Additional resources:

Journal Prompt: Create a how-to guide for enjoying nature. How would you prepare physically and mentally to be outside? Where would you go and why? What resources would you bring with you to enhance your outdoor experience?

Prompt #14:  Memory Lane

Materials Needed: Nature journal or paper, pen or pencil, coloring materials, Internet access

Assignment: In your journal, describe your most significant experience with nature. Document the sights, sounds, smells, and other sensory elements of your experience in detail. Draw the aspects you remember most vividly. What feelings do you remember having during this experience? Did this experience have a positive or negative effect on your relationship with the natural world? Did this experience change you as a person?

Additional resources:

Journal Prompt: (1) Write a haiku about the experience you described. Instructions are provided in the additional resources. (2) Write a song about the experience you described, specifically regarding your feelings toward nature then and now.

Prompt #15:  Sound Mapping

Materials Needed: Nature journal or paper, pen or pencil, coloring materials

Assignment: Find a safe spot to observe outside (backyard, porch, or by an open window). Close your eyes and settle into a comfortable position. Relax your breathing for a few moments. Begin to focus on the sounds around you. Note the distance, volume, pitch, and variation of each sound. Acknowledge the sounds that you are contributing to this space as well. Allow yourself to spend at least eight minutes quietly listening before starting your journal entry. Begin by creating a mark on your page that signifies your position, then build a map of the sounds around you. Use writing and drawing to record the distinct variations of each sound. A nature recording is provided in the additional resources for a comparative listening experience.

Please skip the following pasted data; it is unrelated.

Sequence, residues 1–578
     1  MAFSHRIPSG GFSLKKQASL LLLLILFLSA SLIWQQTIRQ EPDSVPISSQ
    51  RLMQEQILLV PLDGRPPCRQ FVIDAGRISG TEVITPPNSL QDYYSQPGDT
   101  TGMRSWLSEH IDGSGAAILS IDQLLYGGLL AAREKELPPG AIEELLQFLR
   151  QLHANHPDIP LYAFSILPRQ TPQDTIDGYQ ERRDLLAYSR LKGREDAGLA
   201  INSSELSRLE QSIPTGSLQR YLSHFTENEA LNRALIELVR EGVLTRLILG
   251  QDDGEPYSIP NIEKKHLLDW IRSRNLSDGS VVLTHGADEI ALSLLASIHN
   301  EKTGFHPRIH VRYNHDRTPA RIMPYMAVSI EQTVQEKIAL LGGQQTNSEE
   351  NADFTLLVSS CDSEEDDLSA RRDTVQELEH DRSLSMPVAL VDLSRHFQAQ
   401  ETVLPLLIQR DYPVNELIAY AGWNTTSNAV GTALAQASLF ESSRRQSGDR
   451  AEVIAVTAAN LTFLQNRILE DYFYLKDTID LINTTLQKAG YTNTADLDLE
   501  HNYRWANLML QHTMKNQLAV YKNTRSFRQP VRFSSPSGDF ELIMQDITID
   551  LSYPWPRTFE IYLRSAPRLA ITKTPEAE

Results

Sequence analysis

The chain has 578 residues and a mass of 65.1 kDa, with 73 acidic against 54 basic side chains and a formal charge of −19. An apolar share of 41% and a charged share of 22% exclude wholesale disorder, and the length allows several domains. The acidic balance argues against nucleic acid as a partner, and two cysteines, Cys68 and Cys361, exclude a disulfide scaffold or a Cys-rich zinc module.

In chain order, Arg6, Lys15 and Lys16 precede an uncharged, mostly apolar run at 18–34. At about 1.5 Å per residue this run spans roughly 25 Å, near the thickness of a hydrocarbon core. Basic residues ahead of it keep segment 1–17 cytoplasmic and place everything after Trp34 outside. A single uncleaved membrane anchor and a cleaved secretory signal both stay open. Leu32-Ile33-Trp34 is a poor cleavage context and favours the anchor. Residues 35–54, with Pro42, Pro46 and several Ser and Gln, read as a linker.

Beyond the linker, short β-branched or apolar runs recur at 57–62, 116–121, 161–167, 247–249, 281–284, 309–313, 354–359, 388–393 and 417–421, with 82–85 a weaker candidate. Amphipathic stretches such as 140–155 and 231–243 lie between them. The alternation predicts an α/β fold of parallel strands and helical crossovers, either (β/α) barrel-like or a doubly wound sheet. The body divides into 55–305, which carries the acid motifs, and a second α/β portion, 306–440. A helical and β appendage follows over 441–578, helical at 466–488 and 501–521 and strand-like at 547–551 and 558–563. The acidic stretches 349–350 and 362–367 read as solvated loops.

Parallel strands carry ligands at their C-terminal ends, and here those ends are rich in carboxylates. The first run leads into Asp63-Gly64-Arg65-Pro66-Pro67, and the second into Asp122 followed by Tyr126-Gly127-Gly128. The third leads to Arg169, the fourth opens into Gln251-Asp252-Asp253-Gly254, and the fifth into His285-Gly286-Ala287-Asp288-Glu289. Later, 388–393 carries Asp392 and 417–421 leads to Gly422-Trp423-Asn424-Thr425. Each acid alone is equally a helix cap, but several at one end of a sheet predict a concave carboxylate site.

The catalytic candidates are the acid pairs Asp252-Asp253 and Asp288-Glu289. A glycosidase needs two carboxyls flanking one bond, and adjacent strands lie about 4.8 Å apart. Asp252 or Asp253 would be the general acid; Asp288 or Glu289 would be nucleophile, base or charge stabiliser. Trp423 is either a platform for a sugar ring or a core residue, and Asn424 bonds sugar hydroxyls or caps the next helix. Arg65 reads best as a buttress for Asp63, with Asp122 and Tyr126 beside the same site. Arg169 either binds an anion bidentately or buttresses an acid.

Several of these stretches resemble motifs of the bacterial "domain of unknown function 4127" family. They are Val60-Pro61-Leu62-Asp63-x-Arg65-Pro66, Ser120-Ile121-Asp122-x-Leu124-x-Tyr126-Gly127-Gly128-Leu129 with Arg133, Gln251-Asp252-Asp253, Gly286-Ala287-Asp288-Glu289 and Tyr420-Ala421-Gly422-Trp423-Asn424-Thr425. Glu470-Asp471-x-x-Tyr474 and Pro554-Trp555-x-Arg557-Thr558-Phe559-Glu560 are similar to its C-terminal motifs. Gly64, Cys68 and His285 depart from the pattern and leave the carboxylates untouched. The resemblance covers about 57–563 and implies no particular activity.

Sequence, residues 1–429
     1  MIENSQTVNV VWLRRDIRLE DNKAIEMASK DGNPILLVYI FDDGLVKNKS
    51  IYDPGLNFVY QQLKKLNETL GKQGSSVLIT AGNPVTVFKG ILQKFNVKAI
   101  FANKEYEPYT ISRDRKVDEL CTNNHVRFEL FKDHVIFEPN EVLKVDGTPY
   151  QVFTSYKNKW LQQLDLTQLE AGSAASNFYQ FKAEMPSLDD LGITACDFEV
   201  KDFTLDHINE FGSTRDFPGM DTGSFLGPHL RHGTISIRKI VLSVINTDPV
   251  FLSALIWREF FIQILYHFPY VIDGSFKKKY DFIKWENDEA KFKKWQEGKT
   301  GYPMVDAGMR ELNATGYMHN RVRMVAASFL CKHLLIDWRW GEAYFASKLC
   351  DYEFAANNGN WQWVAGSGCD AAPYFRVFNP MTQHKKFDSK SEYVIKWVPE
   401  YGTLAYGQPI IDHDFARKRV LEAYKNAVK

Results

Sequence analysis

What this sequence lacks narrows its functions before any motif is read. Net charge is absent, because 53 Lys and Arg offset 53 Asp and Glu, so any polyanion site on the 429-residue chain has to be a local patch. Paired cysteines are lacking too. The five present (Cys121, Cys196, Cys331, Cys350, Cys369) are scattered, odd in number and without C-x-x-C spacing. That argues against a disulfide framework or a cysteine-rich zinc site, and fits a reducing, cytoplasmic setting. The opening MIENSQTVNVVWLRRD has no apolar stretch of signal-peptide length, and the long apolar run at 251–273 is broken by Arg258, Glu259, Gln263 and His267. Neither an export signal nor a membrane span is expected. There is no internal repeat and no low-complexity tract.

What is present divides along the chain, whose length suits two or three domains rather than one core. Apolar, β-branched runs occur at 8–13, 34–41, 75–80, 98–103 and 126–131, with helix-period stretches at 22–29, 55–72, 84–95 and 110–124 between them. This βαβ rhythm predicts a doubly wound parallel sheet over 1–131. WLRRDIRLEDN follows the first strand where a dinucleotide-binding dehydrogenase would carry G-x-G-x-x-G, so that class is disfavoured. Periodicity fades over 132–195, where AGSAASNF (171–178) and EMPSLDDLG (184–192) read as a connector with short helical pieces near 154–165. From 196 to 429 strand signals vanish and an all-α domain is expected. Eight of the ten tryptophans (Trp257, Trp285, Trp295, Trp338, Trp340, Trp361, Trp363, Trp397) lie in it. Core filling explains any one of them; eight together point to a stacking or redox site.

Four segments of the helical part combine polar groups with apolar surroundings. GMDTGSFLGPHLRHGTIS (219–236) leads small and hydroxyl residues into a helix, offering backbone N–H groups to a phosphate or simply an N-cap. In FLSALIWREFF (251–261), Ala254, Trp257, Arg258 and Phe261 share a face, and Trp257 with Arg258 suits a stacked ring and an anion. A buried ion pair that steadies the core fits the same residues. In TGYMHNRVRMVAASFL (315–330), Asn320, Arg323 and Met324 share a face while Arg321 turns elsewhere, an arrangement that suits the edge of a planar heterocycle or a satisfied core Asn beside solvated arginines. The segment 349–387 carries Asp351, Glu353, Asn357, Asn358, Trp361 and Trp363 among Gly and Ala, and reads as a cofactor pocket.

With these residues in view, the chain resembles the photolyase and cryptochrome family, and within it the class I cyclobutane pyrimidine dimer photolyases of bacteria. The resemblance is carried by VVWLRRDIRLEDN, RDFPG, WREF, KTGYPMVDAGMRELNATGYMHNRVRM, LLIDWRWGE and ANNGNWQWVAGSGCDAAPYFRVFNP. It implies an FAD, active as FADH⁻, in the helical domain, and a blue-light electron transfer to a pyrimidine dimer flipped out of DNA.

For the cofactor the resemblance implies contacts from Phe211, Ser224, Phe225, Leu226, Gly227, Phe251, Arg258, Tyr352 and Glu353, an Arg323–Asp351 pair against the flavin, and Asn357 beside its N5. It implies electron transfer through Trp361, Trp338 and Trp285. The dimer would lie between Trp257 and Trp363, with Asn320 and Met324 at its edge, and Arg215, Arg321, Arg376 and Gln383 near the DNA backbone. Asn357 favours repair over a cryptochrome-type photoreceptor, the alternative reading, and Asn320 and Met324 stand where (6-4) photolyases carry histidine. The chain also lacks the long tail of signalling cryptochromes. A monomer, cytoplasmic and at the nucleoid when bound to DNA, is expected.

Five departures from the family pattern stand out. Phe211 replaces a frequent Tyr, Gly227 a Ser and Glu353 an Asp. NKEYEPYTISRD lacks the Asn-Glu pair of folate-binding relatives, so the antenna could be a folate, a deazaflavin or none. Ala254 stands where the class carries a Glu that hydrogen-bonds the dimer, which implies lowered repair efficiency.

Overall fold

Additional resources:

    Journal Prompt: Can you imagine what a sound map of your favorite natural place would look like? How do certain sounds add value to a place? What would your map look like if you removed all of the natural sounds? Would that place maintain the same value to you

    We would love you to share your nature journal entries on CBF's Learn Outside Facebook Group!

    Issues in this Post



    The views and opinions expressed in the media or articles on this site are those of the speakers or authors and do not necessarily reflect the views and opinions held by CBF and the inclusion of such information does not imply endorsement by CBF. CBF is not responsible for the contents of any linked Website, or any link contained in a linked Website, or any changes or updates to such Websites. The inclusion of any link is provided only for information purposes.

    Support the Chesapeake Bay Foundation

    Your donation helps the Chesapeake Bay Foundation maintain our momentum toward a restored Bay, rivers, and streams for today and generations to come.

    Donate Today

    Save the Bay

    Founded in 1967, the Chesapeake Bay Foundation (CBF) is the largest independent conservation organization dedicated solely to saving the Bay.

    Save the Bay
    This website uses cookies to tailor and enhance your online experience. By continuing, you are agreeing to our use of cookies. For more information, including details on how to disable cookies, please visit our Privacy Policy. Close